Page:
NCP steps up pressure on Chavan, demand immediate solution
Stepping up pressure on chief minister Prithviraj Chavan on the traders’ strike over implementation of the local body tax (LBT), the Nationalist Congress Party (NCP) called for an immediate meeting of the co-ordination committee of the alliance to discuss the issue.mumbai Updated: May 10, 2013 01:30 IST
Stepping up pressure on chief minister Prithviraj Chavan on the traders’ strike over implementation of the local body tax (LBT), the Nationalist Congress Party (NCP) called for an immediate meeting of the co-ordination committee of the alliance to discuss the issue.
NCP’s demand came in as party chief Sharad Pawar in Pune asked the state government to work out an amiable solution, as markets cannot be shut indefinitely. The state party president Madhukar Pichad wrote to the CM and state Congress party president Manickrao Thakre to hold a meeting on Wednesday.
“Traders are ready for discussions. They are not enemies of the government. The common people should not suffer, and this should be the government’s priority,” said Pawar.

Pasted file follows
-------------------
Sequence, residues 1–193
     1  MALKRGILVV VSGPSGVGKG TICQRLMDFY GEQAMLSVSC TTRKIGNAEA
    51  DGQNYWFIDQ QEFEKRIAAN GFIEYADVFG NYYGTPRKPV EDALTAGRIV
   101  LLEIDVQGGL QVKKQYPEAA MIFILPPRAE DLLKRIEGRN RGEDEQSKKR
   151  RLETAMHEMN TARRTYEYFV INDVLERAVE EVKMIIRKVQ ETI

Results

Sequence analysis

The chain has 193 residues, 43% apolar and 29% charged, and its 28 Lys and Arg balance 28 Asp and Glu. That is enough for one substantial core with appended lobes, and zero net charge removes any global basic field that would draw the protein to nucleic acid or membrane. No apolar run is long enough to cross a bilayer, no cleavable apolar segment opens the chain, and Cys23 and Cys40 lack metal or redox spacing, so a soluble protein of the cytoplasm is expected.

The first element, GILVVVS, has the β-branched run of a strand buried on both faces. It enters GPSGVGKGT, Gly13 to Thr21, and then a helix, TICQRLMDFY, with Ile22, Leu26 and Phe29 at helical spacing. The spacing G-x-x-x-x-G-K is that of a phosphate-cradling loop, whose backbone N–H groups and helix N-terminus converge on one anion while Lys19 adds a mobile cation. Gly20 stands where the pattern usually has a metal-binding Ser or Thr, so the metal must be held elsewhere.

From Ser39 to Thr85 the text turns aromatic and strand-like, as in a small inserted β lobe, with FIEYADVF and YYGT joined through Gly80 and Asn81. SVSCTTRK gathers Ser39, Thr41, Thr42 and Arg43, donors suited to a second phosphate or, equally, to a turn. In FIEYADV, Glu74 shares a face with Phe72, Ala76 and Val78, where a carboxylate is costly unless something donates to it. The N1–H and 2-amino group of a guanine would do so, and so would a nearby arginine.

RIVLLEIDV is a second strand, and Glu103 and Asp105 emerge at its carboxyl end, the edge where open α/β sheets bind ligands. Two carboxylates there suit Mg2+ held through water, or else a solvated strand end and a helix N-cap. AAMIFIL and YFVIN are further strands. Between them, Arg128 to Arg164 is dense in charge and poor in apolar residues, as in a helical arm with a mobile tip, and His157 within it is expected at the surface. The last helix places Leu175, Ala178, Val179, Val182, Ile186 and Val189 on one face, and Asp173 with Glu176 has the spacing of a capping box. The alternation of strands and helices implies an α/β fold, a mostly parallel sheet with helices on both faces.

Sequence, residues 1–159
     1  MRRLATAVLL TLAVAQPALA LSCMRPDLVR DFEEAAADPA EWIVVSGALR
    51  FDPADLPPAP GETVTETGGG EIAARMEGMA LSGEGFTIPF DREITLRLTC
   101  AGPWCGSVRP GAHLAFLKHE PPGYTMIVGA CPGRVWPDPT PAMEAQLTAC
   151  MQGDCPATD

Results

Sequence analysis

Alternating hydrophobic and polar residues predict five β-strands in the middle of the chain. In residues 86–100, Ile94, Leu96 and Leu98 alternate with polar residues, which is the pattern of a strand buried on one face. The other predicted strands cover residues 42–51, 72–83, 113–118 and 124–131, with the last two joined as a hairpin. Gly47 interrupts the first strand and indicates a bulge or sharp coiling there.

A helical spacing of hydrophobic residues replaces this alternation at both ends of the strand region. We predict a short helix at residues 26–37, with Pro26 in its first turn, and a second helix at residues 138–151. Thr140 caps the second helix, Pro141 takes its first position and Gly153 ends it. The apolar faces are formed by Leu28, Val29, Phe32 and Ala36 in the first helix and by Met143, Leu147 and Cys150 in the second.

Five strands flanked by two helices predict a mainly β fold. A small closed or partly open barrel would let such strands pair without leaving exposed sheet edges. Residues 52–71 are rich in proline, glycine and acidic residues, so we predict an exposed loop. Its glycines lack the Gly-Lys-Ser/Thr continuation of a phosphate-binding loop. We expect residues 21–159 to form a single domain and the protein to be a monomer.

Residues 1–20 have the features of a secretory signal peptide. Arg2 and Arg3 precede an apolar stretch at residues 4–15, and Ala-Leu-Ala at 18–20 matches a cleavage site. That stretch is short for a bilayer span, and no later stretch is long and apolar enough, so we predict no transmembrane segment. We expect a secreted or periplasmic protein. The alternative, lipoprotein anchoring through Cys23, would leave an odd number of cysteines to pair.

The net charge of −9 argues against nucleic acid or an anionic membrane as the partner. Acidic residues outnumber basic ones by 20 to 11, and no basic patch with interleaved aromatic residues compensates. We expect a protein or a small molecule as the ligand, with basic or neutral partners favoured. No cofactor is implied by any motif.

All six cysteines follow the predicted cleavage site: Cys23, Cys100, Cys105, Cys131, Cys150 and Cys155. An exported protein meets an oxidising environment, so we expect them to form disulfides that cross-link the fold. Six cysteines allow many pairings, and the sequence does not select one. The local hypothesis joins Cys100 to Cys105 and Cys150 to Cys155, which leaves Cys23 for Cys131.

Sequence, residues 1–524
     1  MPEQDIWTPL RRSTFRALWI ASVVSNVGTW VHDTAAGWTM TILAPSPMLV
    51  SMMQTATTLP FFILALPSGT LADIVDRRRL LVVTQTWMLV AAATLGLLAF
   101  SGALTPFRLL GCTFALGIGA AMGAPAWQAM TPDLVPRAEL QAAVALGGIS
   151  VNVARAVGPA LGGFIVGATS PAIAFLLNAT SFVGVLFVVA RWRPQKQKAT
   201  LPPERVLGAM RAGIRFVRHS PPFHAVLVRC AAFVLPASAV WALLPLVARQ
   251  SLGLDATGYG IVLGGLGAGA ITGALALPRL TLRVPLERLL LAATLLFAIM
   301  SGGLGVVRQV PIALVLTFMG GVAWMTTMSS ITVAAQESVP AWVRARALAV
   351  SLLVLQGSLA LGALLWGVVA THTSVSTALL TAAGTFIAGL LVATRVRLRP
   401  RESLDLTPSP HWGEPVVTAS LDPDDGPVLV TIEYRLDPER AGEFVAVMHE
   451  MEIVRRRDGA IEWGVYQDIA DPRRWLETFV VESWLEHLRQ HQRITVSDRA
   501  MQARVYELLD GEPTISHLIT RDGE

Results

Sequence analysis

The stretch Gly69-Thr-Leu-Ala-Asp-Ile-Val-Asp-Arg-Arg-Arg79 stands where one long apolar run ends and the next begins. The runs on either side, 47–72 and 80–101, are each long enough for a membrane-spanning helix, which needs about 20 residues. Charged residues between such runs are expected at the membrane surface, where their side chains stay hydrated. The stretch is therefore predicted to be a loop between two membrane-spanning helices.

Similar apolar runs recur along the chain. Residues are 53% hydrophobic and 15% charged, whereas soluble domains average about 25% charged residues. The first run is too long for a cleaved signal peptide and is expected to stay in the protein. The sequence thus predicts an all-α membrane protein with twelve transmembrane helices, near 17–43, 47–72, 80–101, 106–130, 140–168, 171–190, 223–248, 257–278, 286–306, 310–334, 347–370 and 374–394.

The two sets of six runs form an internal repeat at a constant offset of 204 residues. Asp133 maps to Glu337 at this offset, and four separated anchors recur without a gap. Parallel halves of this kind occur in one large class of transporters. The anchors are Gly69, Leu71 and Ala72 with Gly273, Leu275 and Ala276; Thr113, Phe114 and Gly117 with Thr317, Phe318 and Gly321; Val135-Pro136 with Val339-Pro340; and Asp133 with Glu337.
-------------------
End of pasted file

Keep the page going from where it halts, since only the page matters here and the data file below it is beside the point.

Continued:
The NCP chief insisted that government come out with a solution that will ensure its revenue and also address concerns of misuse of provisions of LBT.
Party spokesperson Nawab Malik said Chavan should not be autocratic on the issue. “In a democracy, it can’t be my ship and my order. Deputy chief minister Ajit Pawar has suggested that a panel of senior ministers be set up to resolve the issue. This should be discussed,” he said.
“The co-ordination committee was set up to discuss such issues between the allies, but it hasn’t met for over 4 month,” Malik added.
Taking a jibe at the CM, Malik said Chavan didn’t even listen to his party leaders including Union ministers.
Seventeen Congress MPs have written to Congress president Sonia Gandhi on the issue. Union minister Milind Deora also requested Chavan to address concerns of the traders, following which a committee of traders and officials had been set up.
part from LBT, Malik said the party wanted a discussion on reducing prices of Mhada houses, review of measures taken by the government for the drought situation and non-appointment of political nominees of several public sector units. Political insiders and experts believe that parties don’t want to antagonise traders, who are known to fund election campaigns.